|Title||CNS endothelial derived extracellular vesicles are biomarkers of active disease in multiple sclerosis.|
|Publication Type||Journal Article|
|Year of Publication||2022|
|Authors||Mazzucco M, Mannheim W, Shetty SV, Linden JR|
|Journal||Fluids Barriers CNS|
|Date Published||2022 Feb 08|
|Keywords||Adult, Biomarkers, Central Nervous System, Endothelial Cells, Endothelium, Vascular, Extracellular Vesicles, Female, Humans, Male, Middle Aged, Multiple Sclerosis, Relapsing-Remitting, Young Adult|
BACKGROUND: Multiple sclerosis (MS) is a complex, heterogenous disease characterized by inflammation, demyelination, and blood-brain barrier (BBB) permeability. Currently, active disease is determined by physician confirmed relapse or detection of contrast enhancing lesions via MRI indicative of BBB permeability. However, clinical confirmation of active disease can be cumbersome. As such, disease monitoring in MS could benefit from identification of an easily accessible biomarker of active disease. We believe extracellular vesicles (EV) isolated from plasma are excellent candidates to fulfill this need. Because of the critical role BBB permeability plays in MS pathogenesis and identification of active disease, we sought to identify EV originating from central nervous system (CNS) endothelial as biomarkers of active MS. Because endothelial cells secrete more EV when stimulated or injured, we hypothesized that circulating concentrations of CNS endothelial derived EV will be increased in MS patients with active disease.
METHODS: To test this, we developed a novel method to identify EV originating from CNS endothelial cells isolated from patient plasma using flow cytometry. Endothelial derived EV were identified by the absence of lymphocyte or platelet markers CD3 and CD41, respectively, and positive expression of pan-endothelial markers CD31, CD105, or CD144. To determine if endothelial derived EV originated from CNS endothelial cells, EV expressing CD31, CD105, or CD144 were evaluated for expression of the myelin and lymphocyte protein MAL, a protein specifically expressed by CNS endothelial cells compared to endothelial cells of peripheral organs.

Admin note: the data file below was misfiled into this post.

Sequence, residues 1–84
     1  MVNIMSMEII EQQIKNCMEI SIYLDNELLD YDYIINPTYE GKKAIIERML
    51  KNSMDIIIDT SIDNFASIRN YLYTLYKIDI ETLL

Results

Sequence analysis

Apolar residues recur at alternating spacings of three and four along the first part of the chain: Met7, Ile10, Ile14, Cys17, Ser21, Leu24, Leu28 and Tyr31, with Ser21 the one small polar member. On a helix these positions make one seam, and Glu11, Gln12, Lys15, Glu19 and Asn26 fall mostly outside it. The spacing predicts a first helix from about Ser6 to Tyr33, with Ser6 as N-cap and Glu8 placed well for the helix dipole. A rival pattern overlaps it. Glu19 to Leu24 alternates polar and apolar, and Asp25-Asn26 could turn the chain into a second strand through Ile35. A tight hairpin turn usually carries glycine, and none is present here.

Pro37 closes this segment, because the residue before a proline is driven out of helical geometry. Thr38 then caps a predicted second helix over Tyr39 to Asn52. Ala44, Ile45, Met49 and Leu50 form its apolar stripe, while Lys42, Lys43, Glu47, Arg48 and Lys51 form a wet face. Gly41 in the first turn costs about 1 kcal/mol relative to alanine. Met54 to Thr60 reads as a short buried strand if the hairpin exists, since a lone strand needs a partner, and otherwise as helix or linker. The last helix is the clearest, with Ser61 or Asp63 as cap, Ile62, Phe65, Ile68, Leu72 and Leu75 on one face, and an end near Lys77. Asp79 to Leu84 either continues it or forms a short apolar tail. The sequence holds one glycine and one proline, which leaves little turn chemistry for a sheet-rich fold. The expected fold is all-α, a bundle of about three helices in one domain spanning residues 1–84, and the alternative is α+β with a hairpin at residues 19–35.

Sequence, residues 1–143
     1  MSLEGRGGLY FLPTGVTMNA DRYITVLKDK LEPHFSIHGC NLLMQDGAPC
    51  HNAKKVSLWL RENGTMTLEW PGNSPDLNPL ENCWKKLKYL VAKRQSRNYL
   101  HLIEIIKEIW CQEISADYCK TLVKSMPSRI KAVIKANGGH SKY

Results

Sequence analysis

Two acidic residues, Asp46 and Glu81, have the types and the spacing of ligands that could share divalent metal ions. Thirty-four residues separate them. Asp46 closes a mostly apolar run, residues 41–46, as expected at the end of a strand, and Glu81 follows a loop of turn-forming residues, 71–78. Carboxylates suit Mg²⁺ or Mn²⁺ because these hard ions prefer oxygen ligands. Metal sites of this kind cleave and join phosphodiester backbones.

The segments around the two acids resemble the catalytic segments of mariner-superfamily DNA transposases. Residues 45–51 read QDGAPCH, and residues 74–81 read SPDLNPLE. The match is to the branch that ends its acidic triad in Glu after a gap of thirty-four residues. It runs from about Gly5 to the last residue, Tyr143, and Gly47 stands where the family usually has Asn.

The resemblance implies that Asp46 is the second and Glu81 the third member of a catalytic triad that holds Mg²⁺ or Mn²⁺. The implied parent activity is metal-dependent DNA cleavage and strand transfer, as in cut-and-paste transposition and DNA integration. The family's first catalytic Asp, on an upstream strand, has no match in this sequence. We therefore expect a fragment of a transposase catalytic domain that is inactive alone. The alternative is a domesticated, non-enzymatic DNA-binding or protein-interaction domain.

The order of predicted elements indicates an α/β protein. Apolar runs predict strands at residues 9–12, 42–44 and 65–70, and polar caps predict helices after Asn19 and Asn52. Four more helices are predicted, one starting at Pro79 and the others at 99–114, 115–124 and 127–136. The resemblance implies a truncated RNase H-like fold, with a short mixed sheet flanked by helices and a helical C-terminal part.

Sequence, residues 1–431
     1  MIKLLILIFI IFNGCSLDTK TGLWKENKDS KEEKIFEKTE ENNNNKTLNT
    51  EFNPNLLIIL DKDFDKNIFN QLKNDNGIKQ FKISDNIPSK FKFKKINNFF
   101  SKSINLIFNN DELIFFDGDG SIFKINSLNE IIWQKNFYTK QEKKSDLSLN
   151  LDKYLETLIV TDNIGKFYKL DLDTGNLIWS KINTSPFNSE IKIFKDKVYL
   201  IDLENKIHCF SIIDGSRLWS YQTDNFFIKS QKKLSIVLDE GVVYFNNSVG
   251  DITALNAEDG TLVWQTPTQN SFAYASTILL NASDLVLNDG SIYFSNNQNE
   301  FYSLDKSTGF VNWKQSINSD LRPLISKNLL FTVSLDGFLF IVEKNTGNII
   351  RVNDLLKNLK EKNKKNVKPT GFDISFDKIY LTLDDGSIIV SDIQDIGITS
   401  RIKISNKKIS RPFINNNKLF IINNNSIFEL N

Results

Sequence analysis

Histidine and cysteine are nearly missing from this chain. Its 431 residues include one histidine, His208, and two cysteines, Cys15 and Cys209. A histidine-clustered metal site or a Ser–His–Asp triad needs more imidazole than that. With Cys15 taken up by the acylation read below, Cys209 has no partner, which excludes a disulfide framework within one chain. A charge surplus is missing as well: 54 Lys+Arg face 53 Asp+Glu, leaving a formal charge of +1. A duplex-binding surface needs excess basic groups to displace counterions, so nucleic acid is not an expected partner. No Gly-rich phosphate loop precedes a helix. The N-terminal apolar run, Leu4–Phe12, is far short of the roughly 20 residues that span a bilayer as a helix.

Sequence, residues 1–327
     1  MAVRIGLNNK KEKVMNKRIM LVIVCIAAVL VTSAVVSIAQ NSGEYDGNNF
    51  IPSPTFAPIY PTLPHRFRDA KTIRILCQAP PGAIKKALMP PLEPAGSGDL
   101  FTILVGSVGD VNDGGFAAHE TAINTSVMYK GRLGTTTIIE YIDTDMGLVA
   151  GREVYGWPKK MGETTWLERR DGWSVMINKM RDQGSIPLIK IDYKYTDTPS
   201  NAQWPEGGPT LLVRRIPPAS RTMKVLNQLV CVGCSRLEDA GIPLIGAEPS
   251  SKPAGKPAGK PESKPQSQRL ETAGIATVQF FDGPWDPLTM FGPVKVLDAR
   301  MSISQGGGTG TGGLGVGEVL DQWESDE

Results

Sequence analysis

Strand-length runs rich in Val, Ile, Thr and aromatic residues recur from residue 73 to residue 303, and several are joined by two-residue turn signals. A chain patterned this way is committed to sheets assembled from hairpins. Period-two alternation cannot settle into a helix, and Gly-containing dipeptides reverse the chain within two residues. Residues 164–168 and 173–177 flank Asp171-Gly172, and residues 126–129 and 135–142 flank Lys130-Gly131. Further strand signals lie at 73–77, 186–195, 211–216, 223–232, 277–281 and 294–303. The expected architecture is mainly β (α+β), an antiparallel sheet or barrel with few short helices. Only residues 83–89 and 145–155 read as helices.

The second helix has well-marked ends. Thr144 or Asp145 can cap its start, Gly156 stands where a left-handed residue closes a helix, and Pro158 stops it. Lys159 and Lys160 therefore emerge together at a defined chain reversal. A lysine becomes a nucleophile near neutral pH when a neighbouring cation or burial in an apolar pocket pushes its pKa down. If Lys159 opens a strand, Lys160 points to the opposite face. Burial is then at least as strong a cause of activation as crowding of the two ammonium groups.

RESULTS: Quality control experiments indicate that EV detected using our flow cytometry method are 0.2 to 1 micron in size. Flow cytometry analysis of EV isolated from 20 healthy controls, 16 relapsing-remitting MS (RRMS) patients with active disease not receiving disease modifying therapy, 14 RRMS patients with stable disease not receiving disease modifying therapy, 17 relapsing-RRMS patients with stable disease receiving natalizumab, and 14 RRMS patients with stable disease receiving ocrelizumab revealed a significant increase in the plasma concentration of CNS endothelial derived EV in patients with active disease compared to all other groups (p = 0.001).
CONCLUSIONS: For the first time, we have identified a method to identify CNS endothelial derived EV in circulation from human blood samples. Results from our pilot study indicate that increased levels of CNS endothelial derived EV may be a biomarker of BBB permeability and active disease in MS.
|Alternate Journal||Fluids Barriers CNS|
|PubMed Central ID||PMC8822708|